Collin Kelley reviews More of Me Disappears by John Amen
published by Cross-Cultural Communications
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John Amen's More of Me Disappears straddles a fine line between surreal and concrete, using sex, politics, personal past and uncertain future, to create a compelling second collection of poetry.
"We are made of holy water and the feces of a god," Amen writes in the long opening poem "The Consummation," a bold introduction to a collection that gallops through seasons, emotions and cities. Even more so than in his first book, Christening the Dancer, Amen mines his own foibles, shortcomings and desires to take the confessional style of poetry into a new realm.
In "Verboten," he recalls a visit to Paris, visiting relatives with grandparents, who were both Holocaust survivors. Upon spying his great-aunt's numbered tattoo, he is silenced by his grandparents who say "some questions should not be asked." His recall of this moment and response are the glue that binds all of Amen's work:
As life went on,
I learned that most of the questions
I wanted answers to fell into that category.
Still, I asked them; and I'm still asking them.
Amen's dealings with love -- both lost, found, and destructive -- continue to inform his work. In "A Small Space," he admits to falling in love with things that hurt him. "If love is a horse, good luck saddling it," he writes. Later, in "Narcissism" he writes of his pursuit of women as that of junkie looking for his next fix.
I took on a litany of candidates, women
who begged me to save them and cursed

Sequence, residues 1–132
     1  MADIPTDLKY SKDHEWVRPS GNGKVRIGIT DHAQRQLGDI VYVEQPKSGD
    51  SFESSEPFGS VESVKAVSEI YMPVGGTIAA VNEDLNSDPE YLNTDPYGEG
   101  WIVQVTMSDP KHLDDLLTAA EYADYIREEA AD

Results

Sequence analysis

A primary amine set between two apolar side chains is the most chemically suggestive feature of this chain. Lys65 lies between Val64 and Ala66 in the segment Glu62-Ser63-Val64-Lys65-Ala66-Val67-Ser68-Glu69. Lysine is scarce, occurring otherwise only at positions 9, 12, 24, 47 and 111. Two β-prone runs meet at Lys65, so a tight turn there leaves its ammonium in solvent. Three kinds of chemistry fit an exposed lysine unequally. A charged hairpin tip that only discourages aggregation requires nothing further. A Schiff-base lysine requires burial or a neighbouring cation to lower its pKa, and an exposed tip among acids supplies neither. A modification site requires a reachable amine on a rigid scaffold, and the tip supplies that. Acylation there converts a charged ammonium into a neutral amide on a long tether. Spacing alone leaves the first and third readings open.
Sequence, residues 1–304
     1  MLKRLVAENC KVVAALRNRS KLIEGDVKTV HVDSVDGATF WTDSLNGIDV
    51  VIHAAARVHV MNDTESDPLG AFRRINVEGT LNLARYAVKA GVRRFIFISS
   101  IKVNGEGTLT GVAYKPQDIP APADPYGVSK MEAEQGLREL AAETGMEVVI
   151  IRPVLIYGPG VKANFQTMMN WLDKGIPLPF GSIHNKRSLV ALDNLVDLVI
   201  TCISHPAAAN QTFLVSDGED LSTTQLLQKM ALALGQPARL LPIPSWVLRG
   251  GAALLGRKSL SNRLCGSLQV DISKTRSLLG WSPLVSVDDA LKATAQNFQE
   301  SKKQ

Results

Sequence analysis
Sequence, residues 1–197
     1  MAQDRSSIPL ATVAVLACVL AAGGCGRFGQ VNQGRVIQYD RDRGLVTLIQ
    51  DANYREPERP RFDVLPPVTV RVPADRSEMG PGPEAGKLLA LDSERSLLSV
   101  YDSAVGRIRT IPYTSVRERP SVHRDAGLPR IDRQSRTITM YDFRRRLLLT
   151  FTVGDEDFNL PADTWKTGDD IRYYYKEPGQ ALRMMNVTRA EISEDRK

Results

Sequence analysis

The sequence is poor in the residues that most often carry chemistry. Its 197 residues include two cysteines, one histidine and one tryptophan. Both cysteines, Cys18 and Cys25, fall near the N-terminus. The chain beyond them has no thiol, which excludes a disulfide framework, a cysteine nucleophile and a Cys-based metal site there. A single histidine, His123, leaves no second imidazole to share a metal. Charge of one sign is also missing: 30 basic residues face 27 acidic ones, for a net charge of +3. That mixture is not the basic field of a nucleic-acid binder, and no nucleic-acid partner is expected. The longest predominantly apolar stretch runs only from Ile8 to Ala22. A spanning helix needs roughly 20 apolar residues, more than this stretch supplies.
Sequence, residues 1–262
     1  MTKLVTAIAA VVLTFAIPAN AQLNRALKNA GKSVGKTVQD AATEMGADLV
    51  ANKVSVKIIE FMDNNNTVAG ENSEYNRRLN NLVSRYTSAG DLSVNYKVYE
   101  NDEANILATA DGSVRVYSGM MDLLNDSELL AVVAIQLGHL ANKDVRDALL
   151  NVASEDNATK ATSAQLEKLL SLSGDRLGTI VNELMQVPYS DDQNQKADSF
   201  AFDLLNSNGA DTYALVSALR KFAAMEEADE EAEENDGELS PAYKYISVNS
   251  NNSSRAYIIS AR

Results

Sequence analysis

the marrow in my bones.
Amen's parents haunt the second section of the collection, as does the specter of a New York both pre and post Sept. 11, 2001. His series of "New York Memory" poems are somber and elegiac in tone. In "New York Memory #3" he returns to the apartment of his long-dead father to watch as new tenants come and go: "The revolving door of humanity spins." In "Eulogy for My Mother," he calls his mother by her first name and forgives her for her carefree ways, and possible mental instability.
A failed marriage hangs over much of the proceedings, all finely and self-effacingly detailed. He and his wife decide to have a baby while shopping at a department store near St. Mark's Church in "New York Memory #14":
Nothing was ever enough. But I don't recall it
as a bad time, that November, that sad month,
kind of like each day was a bizarre vacation,
a slow parade of hours leading us toward
the hysteria of a workday, our usual lives.
A laundry list of America's ills is detailed in "Walking Unsure of Myself (Election Day, 2004)," with short, sharp lines that seem like fleeting images from channel surfing. These images merge with the narrator's own everyday distractions: "The war is just beginning. I need to buy new shoes." Debutantes on welfare, drowned babies, burning effigies on a ball field, "so much space, so little god," police tape around monkey bars all cascade down until the sucker punch of the closing line: "I placed my ballot in the dead monster's mouth."
By the end of More of Me Disappears, you'll feel as if you've momentarily left reality for that of John Amen. The sequence and rhythm of long poems, followed by short lyrical bursts, lull you into another dimension. It's a shadow world that is very much of the now. In the closing poem, "Before I Leave," Amen leaves us with these fairly chilling words: "May your armageddons be fruitful."
If it's almost at the end of the world as we know it, John Amen's poetry is a good guidebook for how to find our way back, and a caution against making the same mistakes.
- review by Collin Kelley 12/2005
visit his official website: www.collinkelley.com
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